Hank suffered a substantial injury during a hunting trip that subsequently aggravated his fragile back condition, and within a few short months, he was drinking heavily again. Hank also became addicted to the morphine that he took to ease his chronic back pain, and in 1952, his beloved Audrey divorced him. In August of that same year, he was fired from the Opry.
Hank went back to radio for a while, but in the words of "Ballad of Hank Williams," written by his son, Hank Williams Jr., and his friend Don Helms, "Hank run through a fifty and he run through a hundred and he run through a thousand just as hard as he could go," spending money hand over fist. He was drinking excessively, and along with his morphine habit, Hank was slowly killing himself and his career. Hank moved back in with his mother, Lily, and continued recording music. "Jambalaya" and "Settin' the Woods on Fire" were chart toppers even in his state of physical and mental distress.
Hank had always been very much a ladies man, and it was rumored that women would actually faint in the presence of him while performing. In the fall of 1952, Hank married Billie Jean Jones in New Orleans at a paid event where tickets were sold to attend the wedding. Hank and Billie's relationship was as rocky, if not worse, than Hank's previous marriage. On December 28, 1952, Hank gave his last performance in Montgomery, Alabama, at the Elite Café at the eighth-annual party of the American Federation of Musicians Local 479, and the next day, Billie Jean left him after a heated argument. He had a short-term relationship with Bobbie Jett prior to his short marriage to Billie Jean that resulted in his daughter, Jett Williams, who was born January 6, 1953 (six days after his death). During this time, he also recorded "Kaw-Liga," "Your Cheating Heart" and "Take These Chains." These were to be his last recording sessions.
While en route to a show in West Virginia, Hank had taken to heavy drinking and had also visited a doctor that same day for a shot of morphine to help his back through the long car ride. Hank and the driver, Charles Carr, a local college student hired to drive Hank to his shows, stopped several times on the journey. Shortly after midnight on January 1, 1943, when they pulled into a gas station in Oak Hill, Virginia, Hank was unresponsive in the back seat. He was dead.
On January 4, 1953, the largest funeral in Alabama history took place at the Montgomery Auditorium. Nearly thirty thousand spectators and mourners paid their final respects to the legend that was Hank Williams. One of his last recordings, conveniently labeled "I'll Never Get Out of this World Alive," was released just after his death and was a haunting and chilling reminder of his untimely death.
Though his life painted a flamboyant and sometimes chaotic picture, Hank's spirit today is just as popular as he was during his lifetime. Many locations, from Alabama to Tennessee, lay claim to Luke the Drifter's ghost. Songs by country music superstars David Allan Coe and Alan Jackson tell stories of supernatural experiences involving the ghost of Hank Williams. Even Hank's son, Hank Williams Jr., and grandson Shelton Hank Williams III have songs regarding his childhood home in Georgiana and his grave site in the Oakwood Annex Cemetery in Montgomery.
David Allan Coe's song "The Ride" tells of a chilling encounter with a pale stranger who stops to pick him up in an antique Cadillac while hitchhiking to Nashville. The stranger offers him a ride and some advice, "If you're big star bound, let me warn ya', it's a long, hard ride." Alan Jackson's song about Hank Williams, "Midnight in Montgomery," tells a similar experience when he stopped to pay his respects at the grave of Hank Williams and the apparition of a "drunk man in a cowboy hat" took him by surprise. He describes the apparition as "wearing shiny boots, a Nudi suit and haunting, haunted eyes." Hank's son, Hank Jr., may have the best description of a spiritual encounter in his song "127 Rose Avenue." Regarding the spirit that lingers in the boyhood home of Hank Williams in Georgiana, the song describes a "sad-eyed boy, with his guitar, cutting his teeth on the blues," and the chorus continues with "caretaker said as he shook his head, son do you believe in ghosts? For a five-dollar bill, you can feel the chill that he felt long ago." Hank Jr. also lets the listener know that he himself has felt an overwhelming presence of his father in the home while on a tour there.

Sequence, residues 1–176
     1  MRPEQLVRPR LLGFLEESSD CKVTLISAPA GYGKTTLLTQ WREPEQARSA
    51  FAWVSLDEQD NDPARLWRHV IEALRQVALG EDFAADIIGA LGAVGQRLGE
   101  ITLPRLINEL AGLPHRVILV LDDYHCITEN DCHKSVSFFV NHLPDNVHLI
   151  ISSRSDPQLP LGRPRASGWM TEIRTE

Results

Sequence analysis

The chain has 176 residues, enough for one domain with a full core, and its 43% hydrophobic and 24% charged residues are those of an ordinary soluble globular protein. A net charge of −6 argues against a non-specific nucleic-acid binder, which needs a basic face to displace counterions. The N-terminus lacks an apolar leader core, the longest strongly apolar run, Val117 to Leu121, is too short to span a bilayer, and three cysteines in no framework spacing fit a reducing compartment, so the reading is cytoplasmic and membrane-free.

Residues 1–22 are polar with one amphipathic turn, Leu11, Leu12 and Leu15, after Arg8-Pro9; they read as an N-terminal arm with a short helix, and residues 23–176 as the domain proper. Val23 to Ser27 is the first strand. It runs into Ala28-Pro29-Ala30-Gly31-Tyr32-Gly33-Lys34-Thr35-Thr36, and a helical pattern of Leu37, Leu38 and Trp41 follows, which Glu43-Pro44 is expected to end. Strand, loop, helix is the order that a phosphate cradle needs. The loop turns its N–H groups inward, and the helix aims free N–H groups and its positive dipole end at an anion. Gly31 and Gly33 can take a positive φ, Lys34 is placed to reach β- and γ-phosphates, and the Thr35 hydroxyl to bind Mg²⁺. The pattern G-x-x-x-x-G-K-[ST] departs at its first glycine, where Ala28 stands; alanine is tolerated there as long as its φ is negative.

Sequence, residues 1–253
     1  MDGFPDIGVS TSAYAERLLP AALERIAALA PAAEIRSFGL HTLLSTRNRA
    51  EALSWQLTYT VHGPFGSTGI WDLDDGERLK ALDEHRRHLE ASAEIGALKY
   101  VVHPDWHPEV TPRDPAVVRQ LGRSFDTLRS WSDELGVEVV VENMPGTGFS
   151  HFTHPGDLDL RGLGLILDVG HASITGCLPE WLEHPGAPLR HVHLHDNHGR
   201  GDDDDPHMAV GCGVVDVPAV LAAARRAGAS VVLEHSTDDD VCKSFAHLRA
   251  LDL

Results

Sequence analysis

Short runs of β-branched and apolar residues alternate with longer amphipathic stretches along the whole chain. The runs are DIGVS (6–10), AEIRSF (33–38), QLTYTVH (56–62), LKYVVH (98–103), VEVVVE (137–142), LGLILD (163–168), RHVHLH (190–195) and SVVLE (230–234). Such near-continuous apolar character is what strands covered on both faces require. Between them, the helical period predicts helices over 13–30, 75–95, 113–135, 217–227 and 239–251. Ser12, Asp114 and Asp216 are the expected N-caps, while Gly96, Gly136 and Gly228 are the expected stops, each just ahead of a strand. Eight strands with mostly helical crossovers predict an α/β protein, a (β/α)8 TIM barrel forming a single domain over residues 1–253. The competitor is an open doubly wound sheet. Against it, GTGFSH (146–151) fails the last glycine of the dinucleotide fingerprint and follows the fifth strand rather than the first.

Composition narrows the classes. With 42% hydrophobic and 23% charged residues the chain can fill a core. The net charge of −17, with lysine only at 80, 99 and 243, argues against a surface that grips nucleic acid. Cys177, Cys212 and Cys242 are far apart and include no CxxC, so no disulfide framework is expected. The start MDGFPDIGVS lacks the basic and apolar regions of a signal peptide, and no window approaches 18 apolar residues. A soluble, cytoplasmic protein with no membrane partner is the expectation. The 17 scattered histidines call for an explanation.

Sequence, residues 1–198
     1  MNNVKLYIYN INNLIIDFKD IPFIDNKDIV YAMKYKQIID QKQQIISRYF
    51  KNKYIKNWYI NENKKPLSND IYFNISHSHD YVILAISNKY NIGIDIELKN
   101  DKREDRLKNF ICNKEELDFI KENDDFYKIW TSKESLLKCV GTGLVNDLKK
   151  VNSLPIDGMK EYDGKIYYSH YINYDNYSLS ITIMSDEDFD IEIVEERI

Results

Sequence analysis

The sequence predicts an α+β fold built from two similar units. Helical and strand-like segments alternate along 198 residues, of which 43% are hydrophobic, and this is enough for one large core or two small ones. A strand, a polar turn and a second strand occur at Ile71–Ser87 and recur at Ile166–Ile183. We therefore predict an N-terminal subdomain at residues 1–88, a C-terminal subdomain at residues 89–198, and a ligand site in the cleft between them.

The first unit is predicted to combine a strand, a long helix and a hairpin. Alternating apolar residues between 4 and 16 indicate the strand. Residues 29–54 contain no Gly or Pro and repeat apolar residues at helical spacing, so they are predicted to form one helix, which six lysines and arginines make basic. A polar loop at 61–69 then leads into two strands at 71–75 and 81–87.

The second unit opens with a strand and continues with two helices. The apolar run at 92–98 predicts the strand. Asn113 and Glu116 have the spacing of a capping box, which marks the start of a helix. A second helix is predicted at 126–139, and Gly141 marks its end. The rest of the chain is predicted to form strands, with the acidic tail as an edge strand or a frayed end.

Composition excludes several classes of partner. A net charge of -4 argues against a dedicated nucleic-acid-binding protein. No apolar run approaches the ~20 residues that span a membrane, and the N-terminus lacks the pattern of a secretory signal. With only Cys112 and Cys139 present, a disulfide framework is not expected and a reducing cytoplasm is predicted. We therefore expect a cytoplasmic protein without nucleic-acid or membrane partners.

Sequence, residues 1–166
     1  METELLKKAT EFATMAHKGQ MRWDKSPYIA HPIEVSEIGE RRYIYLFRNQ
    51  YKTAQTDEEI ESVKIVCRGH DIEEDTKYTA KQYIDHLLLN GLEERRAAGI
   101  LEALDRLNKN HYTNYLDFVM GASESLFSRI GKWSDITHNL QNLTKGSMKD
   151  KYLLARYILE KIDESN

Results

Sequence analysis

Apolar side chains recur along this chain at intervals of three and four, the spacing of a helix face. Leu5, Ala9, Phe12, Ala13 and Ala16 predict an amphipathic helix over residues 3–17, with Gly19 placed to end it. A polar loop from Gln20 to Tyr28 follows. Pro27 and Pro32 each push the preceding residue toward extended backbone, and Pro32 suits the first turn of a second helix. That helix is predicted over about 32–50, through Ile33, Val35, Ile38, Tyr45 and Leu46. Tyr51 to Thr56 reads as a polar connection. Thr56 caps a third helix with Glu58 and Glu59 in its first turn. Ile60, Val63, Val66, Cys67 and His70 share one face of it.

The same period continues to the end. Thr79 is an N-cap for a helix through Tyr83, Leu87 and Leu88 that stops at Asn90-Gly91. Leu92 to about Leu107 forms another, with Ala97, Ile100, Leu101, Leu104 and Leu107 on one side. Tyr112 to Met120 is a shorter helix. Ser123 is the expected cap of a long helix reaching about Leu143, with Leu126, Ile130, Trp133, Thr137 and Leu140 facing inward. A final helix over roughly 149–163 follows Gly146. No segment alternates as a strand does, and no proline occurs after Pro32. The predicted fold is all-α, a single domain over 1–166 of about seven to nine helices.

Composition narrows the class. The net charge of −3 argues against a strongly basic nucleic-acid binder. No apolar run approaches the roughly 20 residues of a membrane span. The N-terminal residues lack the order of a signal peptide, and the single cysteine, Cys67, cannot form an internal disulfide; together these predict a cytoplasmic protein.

Not far from Georgiana, in Andalusia, Alabama, the Old Andalusia Jail also possesses some residual and intelligent activity associated with the ghost of Hank Williams. The Alabama Paranormal Research Team conducted a paranormal investigation at the location in October 2010, alongside the Andalusia Police Department. During the investigation, we found that some of the spirits of the old jail still find comfort in having visitors. Several EVPs (electronic voice phenomenon) were recorded on digital recorders of slamming cell doors and disembodied voices. But the shadowy figure of a very thin man was seen in one of the upstairs cells where Hank spent the night. Several members of the team experienced the movement of this shadowy presence that night and also documented the sound of footsteps as the entity seemed to follow us during the investigation. One EVP collected that night was a simple answer to whether Hank's spirit was there. While investigating the jail, I asked the question, "Do you like having visitors?" the reply was simple, "Yup." This was a hair-raising experience and a possible indication that Hank's remarks to the jailer all those years ago may have been a threat he intends to fulfill, even from beyond his grave.(Continues…)
Excerpted from "Haunted Montgomery, Alabama"
Copyright © 2013 Faith Serafin.
Excerpted by permission of The History Press.
All rights reserved. No part of this excerpt may be reproduced or reprinted without permission in writing from the publisher.
Excerpts are provided by Dial-A-Book Inc. solely for the personal use of visitors to this web site.
Table of Contents
I Montgomery Ghosts
The Many Ghosts of Hank Williams 15
Haunted Huntingdon College: Not Just the Red Lady 23
The Lady at Lucas Tavern 29
Spirits of the State Capitol Building 33
The Old Hill Infirmary 37
A Temporary Home for Eternal Spirits 42
Haunted Dorms at Maxwell Air Force Base 46
Capitol Plaza: Tower of Terror 48
The Winter Place 52
The Winter Building 56
Murder by Feather Duster 60
The Biscuits Stadium Spirits 65
The Wandering Spirit of Zelda Fitzgerald 69
Oakwood Cemetery 83
II Prattville Ghosts
Bear Creek Swamp 93
The Cross Garden 98
Prattville's Lady in Black 104
About the Author 111